Where we Stand in This!!!

We strive by an indirect approach to lessen evils, but we know we will not win the war.[1] Our future lies beyond this world.[2] “We work toward a brighter and more humane society… yet [we know] that our daily efforts… either tire us or turn into fanaticism, unless the great hope that cannot be destroyed even by small-scale failures or historical breakdown” radiate within us.[3]Caritas will always prove necessary; …no State can eliminate the need for a service of love”.[4] These are the mindset behind Catholic Social Doctrine. It is from this leitmotif that we are to understand pope Benedict XVI’s work on catholic social doctrine regarding church and state, and the human person.


Charity is an essential element of the church’s life; pope Benedict holds it to be on the same par as the sacraments and the proclamation of the Word.[5] In fact, he understands that while it is the fundamental norm of the state to create a just social order, it cannot flourish without upholding the principle of subsidiarity, which demands the coordination of society’s activities according to the needs of the community. In this sense, the church must not sit on the sidelines in the effort to build a just society, even if the latter remains the domain of the state.[6] That is where church and state need to cooperate, although they constitute two distinct entities. This perspective can be deemed pope Benedict’s fundamental contribution to catholic social doctrine.[7]

The church reinforces the state’s effort to build a just society. The State must inevitably answer what justice is.[8] If practical reason is to properly answer that question, it must be purified. Faith is that purifying force. Faith liberates reason from its blind spots; …it enables reason to do its work more effectively. To achieve this, faith and reason i.e. church and state must cooperate. So while it is not the church’s task to build a just society, it is her role to form conscience and stimulate greater insight about justice. While the church cannot and don’t intend to replace the state, she cannot remain on the sidelines without offering her position. The state obviously benefits when its citizens’ actions are born of a pure, virtuous, and moral conscience. But the church is right institution that can make that happen.[9]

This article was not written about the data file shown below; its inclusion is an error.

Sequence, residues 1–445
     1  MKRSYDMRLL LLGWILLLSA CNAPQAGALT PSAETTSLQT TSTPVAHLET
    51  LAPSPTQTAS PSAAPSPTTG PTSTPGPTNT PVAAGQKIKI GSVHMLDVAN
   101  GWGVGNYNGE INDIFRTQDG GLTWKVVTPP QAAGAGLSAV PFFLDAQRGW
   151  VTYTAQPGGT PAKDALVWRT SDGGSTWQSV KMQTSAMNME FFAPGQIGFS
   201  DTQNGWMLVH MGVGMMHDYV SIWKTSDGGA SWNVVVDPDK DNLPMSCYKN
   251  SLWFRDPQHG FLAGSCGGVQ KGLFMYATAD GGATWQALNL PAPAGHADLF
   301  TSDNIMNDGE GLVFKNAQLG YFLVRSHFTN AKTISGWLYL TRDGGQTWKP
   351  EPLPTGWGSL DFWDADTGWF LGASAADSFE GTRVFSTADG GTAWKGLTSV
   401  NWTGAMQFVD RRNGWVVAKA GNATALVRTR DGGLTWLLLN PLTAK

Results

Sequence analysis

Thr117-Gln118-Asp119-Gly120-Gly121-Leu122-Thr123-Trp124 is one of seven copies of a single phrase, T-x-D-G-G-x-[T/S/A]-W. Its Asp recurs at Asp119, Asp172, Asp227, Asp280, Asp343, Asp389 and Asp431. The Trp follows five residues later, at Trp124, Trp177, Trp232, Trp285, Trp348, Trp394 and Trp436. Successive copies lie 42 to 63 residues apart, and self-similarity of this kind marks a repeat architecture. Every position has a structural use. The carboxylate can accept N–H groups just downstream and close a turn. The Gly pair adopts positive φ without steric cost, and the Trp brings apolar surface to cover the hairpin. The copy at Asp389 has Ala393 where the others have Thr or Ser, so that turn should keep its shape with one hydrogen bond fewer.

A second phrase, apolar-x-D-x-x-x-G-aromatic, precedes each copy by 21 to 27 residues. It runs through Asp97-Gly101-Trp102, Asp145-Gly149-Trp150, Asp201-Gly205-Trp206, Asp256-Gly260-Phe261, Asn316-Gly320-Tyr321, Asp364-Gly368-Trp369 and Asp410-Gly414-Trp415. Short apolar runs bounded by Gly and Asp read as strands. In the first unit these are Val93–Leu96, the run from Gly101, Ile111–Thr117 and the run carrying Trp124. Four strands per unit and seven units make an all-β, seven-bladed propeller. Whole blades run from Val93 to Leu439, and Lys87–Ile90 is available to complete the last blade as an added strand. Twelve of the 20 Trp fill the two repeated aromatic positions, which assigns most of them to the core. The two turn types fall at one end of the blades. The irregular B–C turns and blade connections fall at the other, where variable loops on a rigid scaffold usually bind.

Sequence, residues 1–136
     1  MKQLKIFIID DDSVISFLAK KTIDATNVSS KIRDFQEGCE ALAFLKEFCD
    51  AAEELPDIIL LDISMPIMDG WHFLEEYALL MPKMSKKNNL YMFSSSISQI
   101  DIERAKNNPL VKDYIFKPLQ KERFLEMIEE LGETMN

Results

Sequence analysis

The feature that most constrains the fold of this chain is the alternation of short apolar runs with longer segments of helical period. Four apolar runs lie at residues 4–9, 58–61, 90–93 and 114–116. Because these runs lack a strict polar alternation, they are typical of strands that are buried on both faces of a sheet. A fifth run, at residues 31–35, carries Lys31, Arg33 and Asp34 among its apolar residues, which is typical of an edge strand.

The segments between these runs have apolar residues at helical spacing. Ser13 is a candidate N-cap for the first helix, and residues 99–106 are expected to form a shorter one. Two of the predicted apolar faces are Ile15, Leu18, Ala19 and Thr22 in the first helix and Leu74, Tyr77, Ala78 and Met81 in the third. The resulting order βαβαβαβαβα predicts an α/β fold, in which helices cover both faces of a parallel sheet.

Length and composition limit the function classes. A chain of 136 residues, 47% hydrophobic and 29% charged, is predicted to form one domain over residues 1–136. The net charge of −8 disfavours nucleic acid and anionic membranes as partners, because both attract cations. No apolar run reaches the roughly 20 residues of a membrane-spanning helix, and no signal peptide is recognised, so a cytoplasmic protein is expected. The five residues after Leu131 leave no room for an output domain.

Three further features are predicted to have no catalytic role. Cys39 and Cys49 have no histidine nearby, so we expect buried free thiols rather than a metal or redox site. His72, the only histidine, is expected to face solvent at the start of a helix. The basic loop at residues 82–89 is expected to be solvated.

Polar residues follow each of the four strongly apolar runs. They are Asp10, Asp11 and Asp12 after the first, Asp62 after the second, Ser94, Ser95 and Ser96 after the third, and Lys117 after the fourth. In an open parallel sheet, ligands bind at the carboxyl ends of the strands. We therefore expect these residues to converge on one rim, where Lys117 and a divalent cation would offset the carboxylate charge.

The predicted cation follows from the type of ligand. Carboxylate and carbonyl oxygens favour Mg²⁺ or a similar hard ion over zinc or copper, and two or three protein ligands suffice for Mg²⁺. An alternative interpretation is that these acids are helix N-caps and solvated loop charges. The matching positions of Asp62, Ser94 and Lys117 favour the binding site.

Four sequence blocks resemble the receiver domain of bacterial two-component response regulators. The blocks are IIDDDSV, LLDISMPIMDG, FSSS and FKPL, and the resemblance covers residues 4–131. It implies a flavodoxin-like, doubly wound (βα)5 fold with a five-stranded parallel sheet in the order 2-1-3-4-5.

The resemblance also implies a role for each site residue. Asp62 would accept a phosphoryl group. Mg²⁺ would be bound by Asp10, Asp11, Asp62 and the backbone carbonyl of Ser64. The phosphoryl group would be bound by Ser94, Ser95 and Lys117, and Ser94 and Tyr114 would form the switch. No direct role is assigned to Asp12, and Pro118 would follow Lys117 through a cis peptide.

Why is the church so needed? Here’s why: despite how well a society is organized, there will always be a need for love. So we don’t need a state that hugs all powers. We want a state that guarantees religious freedom and harmony between the followers of different religions.[10] We want a state that allows the principle of subsidiarity thrives. A State that attempts to absorb everything into itself would ultimately become a mere bureaucracy. The state can never eradicate loneliness, suffering, cry for consolation, and material need.[11] That’s where the church intervenes.

CongressGovernments cannot solve the world’s suffering. Despite the scientific and technological advancement, material and spiritual suffering will always linger (ibid 30a). Through the inescapable sense of solidarity, through their commitment to love, both material and spiritual sufferings are alleviated. Church agencies can especially serve as a reference point and inspiration for civil society on how best to serve the poor. Through this cooperation, it becomes clear how faith enlightens reason in its work all the while remaining above politics. Consequently, Christian charitable activity is free of parties and ideologies.[12] It is not proselytism for love is free, and must never be practiced as a way of achieving other ends.[13] Thus church personnel are guided by the faith working through love.[14]